Disruption is often a result of a linear trend such as a slowly improving technology. This is how people often think … >>>
What is step function disruption?
Disruption is often a result of a linear trend such as a slowly improving technology. This is how people often think of disruption. The fact that touch screen iPhones became a rage overnight and led to a new era of smartphones is one such example. Sometimes, this trend can also be a slow moving trend such as the slow acceptance of index funds over actively managed mutual funds.
But did you know that sometimes a step function rather than a linear trend causes disruption? I fondly remember how I drove step function disruption within my organization; I now see that happen in many contexts.
Back in the mid-1990s, legacy systems in Citibank India were slow to change and took 18-24 months for a meaningful upgrade. However, business needs continued to evolve on a daily basis. As a result, there was a constant gap between what the business needed and what IT could provide. This gap led to significant issues for the corporate banking business managers. For example, when the cash management business decided to tweak their services, it took them 30-40 days to understand how that business change affected their profits. It was similar to a malfunctioning water knob in a shower that changes water temperature with a long delay after you have shifted the knob. You experience an uncomfortably cold shower as well as scalding hot water on your way to the ideal water temperature. At Citibank back then, it was a similarly painful experience for everyone involved; business managers were frustrated due to delays as well as poor data quality whereas financial control folks were unable to provide the needed service due to a lack of adequate systems.
My solution to this problem was to create an application layer on top of the legacy systems and use a dedicated IT group to update the top layer in line with the evolving business needs. It allowed us to meet the rapidly changing business needs in a timely fashion. As a result, the need for the IT department was significantly reduced; akin to disruption in any market.
Although this is an internal example of disruption, this is becoming common in the marketplace. Consider the storage media business where storage capacity could change only in a step function; you could increase the hard disk storage in some logical increments which became the norm. Consequently, there was always an excess capacity and wastage. Cloud storage solved this problem and became a disruptive force for many storage companies. Similarly, in the 1980s, mini steel mills allowed a much smaller incremental change in steel capacity and became a disruptive force for integrated steel producers.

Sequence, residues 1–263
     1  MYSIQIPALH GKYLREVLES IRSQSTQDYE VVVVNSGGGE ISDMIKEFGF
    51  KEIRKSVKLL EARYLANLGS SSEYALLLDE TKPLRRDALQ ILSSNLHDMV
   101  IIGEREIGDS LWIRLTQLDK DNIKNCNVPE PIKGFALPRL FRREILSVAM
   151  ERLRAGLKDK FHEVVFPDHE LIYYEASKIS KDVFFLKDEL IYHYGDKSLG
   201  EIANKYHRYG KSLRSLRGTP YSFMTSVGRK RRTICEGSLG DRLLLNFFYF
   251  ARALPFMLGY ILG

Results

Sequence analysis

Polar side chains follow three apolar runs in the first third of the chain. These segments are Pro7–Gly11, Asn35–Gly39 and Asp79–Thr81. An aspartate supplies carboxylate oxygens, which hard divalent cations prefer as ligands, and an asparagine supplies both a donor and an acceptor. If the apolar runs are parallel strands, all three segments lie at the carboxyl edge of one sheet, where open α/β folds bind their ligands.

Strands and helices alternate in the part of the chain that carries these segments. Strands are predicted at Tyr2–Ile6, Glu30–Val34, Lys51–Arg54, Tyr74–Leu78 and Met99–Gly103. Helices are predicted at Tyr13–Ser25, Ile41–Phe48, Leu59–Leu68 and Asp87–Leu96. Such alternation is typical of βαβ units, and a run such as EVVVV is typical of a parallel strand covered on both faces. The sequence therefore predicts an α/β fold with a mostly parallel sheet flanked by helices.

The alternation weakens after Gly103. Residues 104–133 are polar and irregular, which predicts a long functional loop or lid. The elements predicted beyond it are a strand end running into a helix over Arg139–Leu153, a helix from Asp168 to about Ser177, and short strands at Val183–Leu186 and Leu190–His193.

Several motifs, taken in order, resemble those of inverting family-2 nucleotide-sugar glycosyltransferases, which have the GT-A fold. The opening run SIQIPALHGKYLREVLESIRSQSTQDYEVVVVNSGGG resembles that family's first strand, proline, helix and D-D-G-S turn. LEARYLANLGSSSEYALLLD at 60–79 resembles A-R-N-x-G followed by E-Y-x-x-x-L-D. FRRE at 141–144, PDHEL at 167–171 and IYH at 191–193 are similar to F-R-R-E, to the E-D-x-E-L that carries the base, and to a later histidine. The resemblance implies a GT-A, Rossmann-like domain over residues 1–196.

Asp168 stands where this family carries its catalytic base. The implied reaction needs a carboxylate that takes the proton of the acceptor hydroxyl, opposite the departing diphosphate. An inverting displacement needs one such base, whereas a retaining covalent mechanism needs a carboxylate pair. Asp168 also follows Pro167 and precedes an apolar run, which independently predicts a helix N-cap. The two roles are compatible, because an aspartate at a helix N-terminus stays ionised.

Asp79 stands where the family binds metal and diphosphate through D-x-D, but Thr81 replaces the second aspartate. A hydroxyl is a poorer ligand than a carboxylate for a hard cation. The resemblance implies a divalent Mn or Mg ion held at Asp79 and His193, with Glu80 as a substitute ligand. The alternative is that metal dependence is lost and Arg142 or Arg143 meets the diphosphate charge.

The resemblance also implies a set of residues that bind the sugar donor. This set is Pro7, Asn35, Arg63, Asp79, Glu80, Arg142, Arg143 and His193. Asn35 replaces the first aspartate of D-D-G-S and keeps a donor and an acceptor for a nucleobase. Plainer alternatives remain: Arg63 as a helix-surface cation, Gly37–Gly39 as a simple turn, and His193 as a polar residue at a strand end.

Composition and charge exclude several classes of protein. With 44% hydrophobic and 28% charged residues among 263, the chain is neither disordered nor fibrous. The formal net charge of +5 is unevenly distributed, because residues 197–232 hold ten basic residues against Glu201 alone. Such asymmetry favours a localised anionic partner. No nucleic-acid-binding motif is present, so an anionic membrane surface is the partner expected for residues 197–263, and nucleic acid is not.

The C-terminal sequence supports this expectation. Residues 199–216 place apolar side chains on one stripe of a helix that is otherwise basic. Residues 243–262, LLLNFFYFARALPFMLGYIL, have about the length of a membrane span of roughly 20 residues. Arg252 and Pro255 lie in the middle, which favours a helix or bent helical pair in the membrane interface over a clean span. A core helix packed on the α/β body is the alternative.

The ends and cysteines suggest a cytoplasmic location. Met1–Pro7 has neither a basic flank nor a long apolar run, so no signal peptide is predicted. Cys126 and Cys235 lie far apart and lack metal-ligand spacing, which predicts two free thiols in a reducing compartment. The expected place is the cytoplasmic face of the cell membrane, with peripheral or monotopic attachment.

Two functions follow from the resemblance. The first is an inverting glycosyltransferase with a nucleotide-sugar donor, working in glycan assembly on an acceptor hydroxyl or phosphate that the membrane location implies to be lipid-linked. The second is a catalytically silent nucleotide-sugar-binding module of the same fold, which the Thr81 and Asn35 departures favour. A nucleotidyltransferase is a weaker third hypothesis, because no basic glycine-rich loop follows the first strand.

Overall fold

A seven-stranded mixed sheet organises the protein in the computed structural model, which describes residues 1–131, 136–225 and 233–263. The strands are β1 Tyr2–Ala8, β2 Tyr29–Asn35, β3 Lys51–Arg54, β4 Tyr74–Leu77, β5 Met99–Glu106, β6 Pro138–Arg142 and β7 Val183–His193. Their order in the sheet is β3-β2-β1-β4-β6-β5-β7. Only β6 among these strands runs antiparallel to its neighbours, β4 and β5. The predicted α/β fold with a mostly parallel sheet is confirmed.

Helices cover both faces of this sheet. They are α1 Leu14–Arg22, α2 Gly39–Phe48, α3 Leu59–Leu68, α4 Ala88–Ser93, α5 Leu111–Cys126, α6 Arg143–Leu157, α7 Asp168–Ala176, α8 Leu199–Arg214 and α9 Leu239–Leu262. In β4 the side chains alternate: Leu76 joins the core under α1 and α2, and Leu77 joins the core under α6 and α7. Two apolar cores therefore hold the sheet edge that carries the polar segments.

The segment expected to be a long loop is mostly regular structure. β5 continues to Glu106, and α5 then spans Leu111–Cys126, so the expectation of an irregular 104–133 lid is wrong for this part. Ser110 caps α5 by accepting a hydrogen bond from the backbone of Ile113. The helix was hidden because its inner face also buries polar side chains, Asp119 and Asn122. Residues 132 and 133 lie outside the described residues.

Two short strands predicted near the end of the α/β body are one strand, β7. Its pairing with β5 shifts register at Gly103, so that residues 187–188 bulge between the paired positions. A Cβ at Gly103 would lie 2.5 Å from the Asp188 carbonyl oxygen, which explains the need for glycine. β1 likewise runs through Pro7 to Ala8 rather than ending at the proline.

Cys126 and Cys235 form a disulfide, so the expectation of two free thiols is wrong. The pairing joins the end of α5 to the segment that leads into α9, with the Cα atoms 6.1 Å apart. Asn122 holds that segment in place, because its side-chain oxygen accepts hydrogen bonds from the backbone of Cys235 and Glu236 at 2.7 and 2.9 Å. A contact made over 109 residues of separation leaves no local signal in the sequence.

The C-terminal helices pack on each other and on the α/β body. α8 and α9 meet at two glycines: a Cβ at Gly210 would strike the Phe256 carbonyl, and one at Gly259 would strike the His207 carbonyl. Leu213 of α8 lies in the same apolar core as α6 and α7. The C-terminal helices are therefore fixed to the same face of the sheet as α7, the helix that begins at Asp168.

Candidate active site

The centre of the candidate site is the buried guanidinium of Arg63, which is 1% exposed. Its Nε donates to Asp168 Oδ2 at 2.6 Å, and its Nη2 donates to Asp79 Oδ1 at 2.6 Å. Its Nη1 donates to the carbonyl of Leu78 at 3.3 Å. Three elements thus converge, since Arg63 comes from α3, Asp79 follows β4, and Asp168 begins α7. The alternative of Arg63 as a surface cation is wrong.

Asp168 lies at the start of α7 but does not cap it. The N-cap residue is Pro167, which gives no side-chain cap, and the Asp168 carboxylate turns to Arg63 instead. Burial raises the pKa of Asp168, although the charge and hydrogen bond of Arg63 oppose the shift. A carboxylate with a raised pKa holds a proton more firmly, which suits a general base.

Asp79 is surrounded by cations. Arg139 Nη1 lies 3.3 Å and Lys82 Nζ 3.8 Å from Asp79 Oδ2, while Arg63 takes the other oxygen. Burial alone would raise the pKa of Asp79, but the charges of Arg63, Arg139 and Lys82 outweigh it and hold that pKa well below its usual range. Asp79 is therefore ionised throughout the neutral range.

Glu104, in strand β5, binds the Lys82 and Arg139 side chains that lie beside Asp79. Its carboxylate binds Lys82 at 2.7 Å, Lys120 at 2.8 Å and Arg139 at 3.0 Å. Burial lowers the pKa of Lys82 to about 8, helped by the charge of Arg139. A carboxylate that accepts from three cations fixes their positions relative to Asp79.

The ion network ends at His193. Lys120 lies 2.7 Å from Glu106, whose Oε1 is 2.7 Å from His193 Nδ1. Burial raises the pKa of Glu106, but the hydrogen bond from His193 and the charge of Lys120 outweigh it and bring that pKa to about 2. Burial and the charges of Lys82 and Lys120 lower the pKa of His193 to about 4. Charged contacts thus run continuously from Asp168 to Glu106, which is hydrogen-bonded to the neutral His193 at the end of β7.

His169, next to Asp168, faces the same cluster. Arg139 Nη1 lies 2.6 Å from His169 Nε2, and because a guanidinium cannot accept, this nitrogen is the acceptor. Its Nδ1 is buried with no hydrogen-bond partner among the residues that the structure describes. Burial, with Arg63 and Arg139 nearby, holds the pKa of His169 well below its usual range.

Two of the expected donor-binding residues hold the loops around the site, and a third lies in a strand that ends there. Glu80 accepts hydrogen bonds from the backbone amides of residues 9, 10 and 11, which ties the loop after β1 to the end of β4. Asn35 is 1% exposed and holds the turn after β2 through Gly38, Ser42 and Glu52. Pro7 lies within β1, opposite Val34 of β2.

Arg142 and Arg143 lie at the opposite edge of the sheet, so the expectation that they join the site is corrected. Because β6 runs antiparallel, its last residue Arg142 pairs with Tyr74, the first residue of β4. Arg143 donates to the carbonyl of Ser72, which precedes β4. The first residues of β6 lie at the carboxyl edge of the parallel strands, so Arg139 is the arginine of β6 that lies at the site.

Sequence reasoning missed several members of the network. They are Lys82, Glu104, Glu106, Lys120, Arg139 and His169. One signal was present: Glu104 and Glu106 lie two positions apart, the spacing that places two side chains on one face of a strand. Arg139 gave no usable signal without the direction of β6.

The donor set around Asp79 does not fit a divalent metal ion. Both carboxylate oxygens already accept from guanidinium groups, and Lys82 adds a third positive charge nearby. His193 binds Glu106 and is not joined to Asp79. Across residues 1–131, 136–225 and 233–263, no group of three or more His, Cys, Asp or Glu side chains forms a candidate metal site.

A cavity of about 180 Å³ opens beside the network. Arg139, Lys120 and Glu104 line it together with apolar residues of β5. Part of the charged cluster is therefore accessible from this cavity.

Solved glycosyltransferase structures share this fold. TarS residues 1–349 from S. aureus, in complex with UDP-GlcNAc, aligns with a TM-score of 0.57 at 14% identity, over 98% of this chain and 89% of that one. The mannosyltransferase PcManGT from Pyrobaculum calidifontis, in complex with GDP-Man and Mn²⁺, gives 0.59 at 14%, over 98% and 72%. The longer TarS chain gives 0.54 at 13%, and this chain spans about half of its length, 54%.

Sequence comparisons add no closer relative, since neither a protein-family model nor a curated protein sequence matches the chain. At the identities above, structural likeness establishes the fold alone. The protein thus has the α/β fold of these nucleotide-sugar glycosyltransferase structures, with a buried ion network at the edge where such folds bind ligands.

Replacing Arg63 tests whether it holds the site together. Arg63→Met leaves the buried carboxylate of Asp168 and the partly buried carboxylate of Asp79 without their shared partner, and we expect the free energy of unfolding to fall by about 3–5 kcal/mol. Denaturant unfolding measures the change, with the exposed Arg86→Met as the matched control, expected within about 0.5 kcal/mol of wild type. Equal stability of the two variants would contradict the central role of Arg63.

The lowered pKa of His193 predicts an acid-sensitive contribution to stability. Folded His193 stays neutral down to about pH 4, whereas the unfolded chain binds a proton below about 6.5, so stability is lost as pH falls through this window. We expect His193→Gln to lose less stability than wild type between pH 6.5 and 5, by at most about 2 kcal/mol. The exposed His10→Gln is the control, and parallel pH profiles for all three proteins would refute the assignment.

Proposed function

While a step function on the supply side could be the constraint that invites a disruptor, a step function innovation on the supply side can also be a disruptive force when competing with a linear innovation norm in an industry. When the digital imaging technology was evolving, camera makers had a hard time delivering 1 Mega Pixel at under $1000 price point. This prevented mass acceptance of the camera among consumers. Only after the technology moved from CCD to CMOS could the camera makers provide a 1mega pixel camera at consumer price point. This step change innovation was a critical factor in digital imaging becoming an acceptable imaging technology for consumers. In essence, it was a step change innovation that eventually accelerated disruption in the imaging industry.
In short, a step function innovation can sometimes be a barrier that invites disruptors and at other times can be a disruptive force. Does your business face a step function which could eventually lead to disruption? Is it a barrier or a disruptive force?